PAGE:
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Collingwood Primary School

Collingwood Primary School
Collingwood Road
South Woodham Ferrers
Chelmsford
Essex
CM35YJ

01245 322258

Headteacher: Mrs Amanda Buckland-Garnett

Website: www.collingwood.essex.sch.uk

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242 pupils aged 4—10y mixed gender
315 pupils capacity: 77% full

135 boys 56%

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110 girls 45%

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Last updated: June 19, 2014


Primary — Foundation School

URN
115305
Education phase
Primary
Establishment type
Foundation School
Establishment #
5265
OSGB coordinates
Easting: 581502, Northing: 196860
GPS coordinates
Latitude: 51.641, Longitude: 0.62167
Accepting pupils
4—11 years old
Census date
Jan. 16, 2014
Ofsted last inspection
Feb. 6, 2014
Region › Const. › Ward
East of England › Maldon › South Woodham-Chetwood and Collingwood
Area
Urban > 10k - less sparse
Free school meals %
11.60
Trust school
Is supported by a Trust

Rooms & flats to rent in Chelmsford

Schools nearby

  1. 0.3 miles Trinity St Mary's CofE Voluntary Aided Primary School, South Woodham Ferrers CM35JX (189 pupils)
  2. 0.3 miles St Joseph's Catholic Primary School, SWF CM35JX (196 pupils)
  3. 0.3 miles William de Ferrers School CM35JU
  4. 0.3 miles William de Ferrers School CM35JU (1851 pupils)
  5. 0.5 miles Elmwood Primary School CM35NB (333 pupils)
  6. 0.6 miles The Chetwood Primary School CM35ZD
  7. 1 mile Riverside Junior School SS56ND
  8. 1 mile Riverside Infant School SS56ND
  9. 1 mile Woodville Primary School CM35SE
  10. 1 mile Riverside Primary School SS56ND (292 pupils)
  11. 1 mile Woodville Primary School CM35SE (419 pupils)
  12. 2.1 miles St Mary's Church of England Voluntary Aided Primary School Woodham Ferrers CM38RJ (70 pupils)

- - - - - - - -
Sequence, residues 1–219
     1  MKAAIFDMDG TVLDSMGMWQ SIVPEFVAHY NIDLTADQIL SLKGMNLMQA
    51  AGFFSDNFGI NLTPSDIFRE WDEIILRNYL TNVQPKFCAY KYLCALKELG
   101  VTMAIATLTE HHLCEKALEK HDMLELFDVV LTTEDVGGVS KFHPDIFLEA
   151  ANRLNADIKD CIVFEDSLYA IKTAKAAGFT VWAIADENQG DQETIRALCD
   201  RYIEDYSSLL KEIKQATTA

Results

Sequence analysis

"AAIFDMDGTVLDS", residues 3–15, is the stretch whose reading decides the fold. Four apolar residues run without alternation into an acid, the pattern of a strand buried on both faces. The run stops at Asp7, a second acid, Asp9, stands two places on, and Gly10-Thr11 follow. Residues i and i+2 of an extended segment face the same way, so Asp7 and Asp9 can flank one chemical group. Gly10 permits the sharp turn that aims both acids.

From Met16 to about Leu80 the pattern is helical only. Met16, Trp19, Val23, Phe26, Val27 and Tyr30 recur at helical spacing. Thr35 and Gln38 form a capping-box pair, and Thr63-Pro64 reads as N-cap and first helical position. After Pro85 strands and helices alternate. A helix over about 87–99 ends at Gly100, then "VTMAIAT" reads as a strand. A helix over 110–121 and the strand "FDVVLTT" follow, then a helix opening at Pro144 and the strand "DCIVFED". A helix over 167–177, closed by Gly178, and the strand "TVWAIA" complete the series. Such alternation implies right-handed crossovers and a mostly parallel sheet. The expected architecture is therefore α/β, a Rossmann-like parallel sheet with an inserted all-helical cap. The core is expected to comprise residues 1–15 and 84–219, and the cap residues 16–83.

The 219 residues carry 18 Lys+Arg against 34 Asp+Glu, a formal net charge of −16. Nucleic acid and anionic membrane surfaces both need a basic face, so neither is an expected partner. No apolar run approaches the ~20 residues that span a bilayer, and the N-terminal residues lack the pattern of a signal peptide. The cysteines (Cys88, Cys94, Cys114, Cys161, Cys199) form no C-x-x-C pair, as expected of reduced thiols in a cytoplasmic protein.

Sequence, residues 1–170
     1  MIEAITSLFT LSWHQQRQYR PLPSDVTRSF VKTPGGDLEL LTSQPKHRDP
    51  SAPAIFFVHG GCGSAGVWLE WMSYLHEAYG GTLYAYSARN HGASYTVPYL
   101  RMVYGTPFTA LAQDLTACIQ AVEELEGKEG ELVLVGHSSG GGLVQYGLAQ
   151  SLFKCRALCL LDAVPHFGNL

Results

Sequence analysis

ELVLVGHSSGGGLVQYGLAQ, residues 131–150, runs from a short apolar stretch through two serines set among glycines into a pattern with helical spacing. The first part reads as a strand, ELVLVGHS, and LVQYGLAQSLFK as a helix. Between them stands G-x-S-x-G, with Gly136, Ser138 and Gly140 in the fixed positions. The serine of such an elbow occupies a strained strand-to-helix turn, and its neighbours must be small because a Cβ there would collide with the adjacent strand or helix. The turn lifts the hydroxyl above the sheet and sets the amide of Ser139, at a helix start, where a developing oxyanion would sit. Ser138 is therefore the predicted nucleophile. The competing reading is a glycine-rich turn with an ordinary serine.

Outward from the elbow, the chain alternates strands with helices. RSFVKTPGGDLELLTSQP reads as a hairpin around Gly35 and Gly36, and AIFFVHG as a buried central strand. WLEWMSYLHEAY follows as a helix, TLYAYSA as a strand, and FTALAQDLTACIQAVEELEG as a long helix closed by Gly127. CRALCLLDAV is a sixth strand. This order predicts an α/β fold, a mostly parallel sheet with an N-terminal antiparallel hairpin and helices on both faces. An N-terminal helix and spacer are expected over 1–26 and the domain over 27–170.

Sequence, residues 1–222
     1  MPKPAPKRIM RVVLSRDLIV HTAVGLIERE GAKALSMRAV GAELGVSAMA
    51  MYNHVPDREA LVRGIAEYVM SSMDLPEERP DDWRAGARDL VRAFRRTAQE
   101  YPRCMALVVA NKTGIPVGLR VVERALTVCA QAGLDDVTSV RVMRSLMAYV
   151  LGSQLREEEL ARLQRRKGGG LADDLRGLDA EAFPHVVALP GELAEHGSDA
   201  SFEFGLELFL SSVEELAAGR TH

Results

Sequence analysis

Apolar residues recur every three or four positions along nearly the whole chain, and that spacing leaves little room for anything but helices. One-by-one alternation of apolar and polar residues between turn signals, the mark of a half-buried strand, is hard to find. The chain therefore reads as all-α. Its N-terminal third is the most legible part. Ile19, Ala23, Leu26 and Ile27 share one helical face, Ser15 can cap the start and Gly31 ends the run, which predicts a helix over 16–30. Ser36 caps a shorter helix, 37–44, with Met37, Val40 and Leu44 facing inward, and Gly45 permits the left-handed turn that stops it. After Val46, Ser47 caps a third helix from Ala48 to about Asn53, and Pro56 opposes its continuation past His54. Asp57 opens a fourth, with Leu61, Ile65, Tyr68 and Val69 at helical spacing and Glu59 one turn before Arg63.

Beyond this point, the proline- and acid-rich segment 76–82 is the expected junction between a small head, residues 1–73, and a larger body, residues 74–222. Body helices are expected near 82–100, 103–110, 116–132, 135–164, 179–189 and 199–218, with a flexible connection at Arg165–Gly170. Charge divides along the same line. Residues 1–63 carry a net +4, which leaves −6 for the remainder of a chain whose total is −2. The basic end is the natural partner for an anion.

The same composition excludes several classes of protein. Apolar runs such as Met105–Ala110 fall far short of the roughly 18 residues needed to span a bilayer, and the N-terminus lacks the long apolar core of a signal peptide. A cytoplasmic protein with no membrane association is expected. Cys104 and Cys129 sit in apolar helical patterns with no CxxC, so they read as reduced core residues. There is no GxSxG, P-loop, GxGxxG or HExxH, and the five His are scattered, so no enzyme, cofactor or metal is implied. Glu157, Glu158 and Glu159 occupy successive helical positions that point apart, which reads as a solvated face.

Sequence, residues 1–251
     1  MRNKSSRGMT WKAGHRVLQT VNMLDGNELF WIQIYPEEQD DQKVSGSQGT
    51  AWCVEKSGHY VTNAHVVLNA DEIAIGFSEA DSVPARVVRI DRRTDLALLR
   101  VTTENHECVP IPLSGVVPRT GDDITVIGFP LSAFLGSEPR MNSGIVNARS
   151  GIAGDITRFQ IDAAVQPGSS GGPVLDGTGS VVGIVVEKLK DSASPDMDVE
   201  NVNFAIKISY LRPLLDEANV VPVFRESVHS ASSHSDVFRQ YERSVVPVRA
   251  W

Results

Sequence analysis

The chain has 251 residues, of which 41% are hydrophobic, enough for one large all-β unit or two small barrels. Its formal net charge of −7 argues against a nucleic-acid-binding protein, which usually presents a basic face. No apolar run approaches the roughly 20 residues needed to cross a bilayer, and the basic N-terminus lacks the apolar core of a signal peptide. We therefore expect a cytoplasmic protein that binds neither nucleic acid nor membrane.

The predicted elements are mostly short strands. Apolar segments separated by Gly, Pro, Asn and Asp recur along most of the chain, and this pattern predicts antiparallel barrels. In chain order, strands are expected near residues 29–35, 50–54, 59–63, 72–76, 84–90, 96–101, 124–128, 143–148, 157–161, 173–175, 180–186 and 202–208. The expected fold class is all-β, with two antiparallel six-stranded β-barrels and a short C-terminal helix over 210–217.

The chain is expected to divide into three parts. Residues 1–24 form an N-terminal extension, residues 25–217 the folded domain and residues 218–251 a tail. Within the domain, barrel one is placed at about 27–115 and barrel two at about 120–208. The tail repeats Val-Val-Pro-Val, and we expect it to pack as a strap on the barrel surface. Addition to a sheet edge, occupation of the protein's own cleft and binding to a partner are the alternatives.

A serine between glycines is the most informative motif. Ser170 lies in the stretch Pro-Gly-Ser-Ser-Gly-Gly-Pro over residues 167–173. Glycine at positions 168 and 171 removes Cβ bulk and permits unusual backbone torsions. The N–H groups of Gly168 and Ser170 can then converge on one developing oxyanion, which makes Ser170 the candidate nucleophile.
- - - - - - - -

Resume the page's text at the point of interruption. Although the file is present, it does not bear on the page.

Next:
13. 2.7 miles The Park School SS69RN
  14. 2.8 miles Rettendon Primary School CM38DW (121 pupils)
  15. 2.8 miles Plumberow Primary School SS55BX
  16. 2.8 miles Hockley Primary School SS54UR (305 pupils)
  17. 2.8 miles Plumberow Primary School SS55BX (648 pupils)
  18. 2.9 miles Cold Norton Primary School CM36JE (154 pupils)
  19. 2.9 miles St Nicholas' Church of England Voluntary Controlled Primary School, Rawreth SS69NE (132 pupils)
  20. 3 miles Down Hall Primary School SS69LW (301 pupils)
  21. 3 miles Greensward College SS55HG
  22. 3 miles Greensward Academy SS55HG (1510 pupils)
  23. 3.2 miles Ashingdon School SS43LN
  24. 3.2 miles Ashingdon School SS43LN (209 pupils)

List of schools in Chelmsford

Ofsted report: Newer report is now available. Search "115305" on ofsted.gov.uk. latest issued Feb. 6, 2014.

Inspection Report

Unique Reference Number115305
Local AuthorityESSEX LA
Inspection number311905
Inspection date13 March 2008
Reporting inspectorDerek Watts

This inspection of the school was carried out under section 5 of the Education Act 2005.


Type of schoolPrimary
School categoryFoundation
Age range of pupils4-11
Gender of pupilsMixed
Number on roll (school)302
Appropriate authorityThe governing body
Date of previous school inspection15 September 2003
School addressCollingwood Road
South Woodham Ferrers, Chelmsford
Essex CM3 5YJ
Telephone number01245 322258
Fax number01245 322449
ChairMr Rob Tucker
HeadteacherMrs Amanda Buckland-Garnett

Introduction

The inspection was carried out by an Additional Inspector.

The inspector evaluated the overall effectiveness of the school and investigated the following aspects: how well leadership and management were improving provision, and pupils' progress in writing and mathematics, particularly for the more able.

Evidence was gathered from lesson observations, a scrutiny of pupils' work and school documentation. An analysis of the parents' questionnaires and discussions with pupils, governors and staff also contributed to the judgements. Other aspects of the school's work were not investigated in detail, but the inspector found no evidence to suggest that the school's own assessments, as given in its self-evaluation form, were not justified, and these have been included where appropriate in this report.